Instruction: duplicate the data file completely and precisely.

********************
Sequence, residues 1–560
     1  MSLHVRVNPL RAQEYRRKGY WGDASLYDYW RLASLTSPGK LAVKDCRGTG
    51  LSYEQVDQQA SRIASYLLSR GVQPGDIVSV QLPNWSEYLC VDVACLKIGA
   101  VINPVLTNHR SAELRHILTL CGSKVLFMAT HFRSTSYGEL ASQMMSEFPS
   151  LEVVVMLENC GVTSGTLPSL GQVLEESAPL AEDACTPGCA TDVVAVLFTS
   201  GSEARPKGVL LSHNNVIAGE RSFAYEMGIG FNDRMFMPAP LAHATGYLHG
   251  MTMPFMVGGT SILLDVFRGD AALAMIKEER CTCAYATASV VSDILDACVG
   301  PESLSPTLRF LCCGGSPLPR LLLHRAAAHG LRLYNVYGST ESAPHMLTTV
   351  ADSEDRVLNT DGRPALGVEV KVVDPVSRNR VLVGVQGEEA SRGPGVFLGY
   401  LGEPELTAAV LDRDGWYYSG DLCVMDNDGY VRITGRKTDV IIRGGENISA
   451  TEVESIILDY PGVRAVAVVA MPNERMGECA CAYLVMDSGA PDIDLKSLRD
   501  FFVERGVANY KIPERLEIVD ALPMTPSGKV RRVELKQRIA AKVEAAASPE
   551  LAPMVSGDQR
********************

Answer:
Sequence, residues 1–560
     1  MSLHVRVNPL RAQEYRRKGY WGDASLYDYW RLASLTSPGK LAVKDCRGTG
    51  LSYEQVDQQA SRIASYLLSR GVQPGDIVSV QLPNWSEYLC VDVACLKIGA
   101  VINPVLTNHR SAELRHILTL CGSKVLFMAT HFRSTSYGEL ASQMMSEFPS
   151  LEVVVMLENC GVTSGTLPSL GQVLEESAPL AEDACTPGCA TDVVAVLFTS
   201  GSEARPKGVL LSHNNVIAGE RSFAYEMGIG FNDRMFMPAP LAHATGYLHG
   251  MTMPFMVGGT SILLDVFRGD AALAMIKEER CTCAYATASV VSDILDACVG
   301  PESLSPTLRF LCCGGSPLPR LLLHRAAAHG LRLYNVYGST ESAPHMLTTV
   351  ADSEDRVLNT DGRPALGVEV KVVDPVSRNR VLVGVQGEEA SRGPGVFLGY
   401  LGEPELTAAV LDRDGWYYSG DLCVMDNDGY VRITGRKTDV IIRGGENISA
   451  TEVESIILDY PGVRAVAVVA MPNERMGECA CAYLVMDSGA PDIDLKSLRD
   501  FFVERGVANY KIPERLEIVD ALPMTPSGKV RRVELKQRIA AKVEAAASPE
   551  LAPMVSGDQR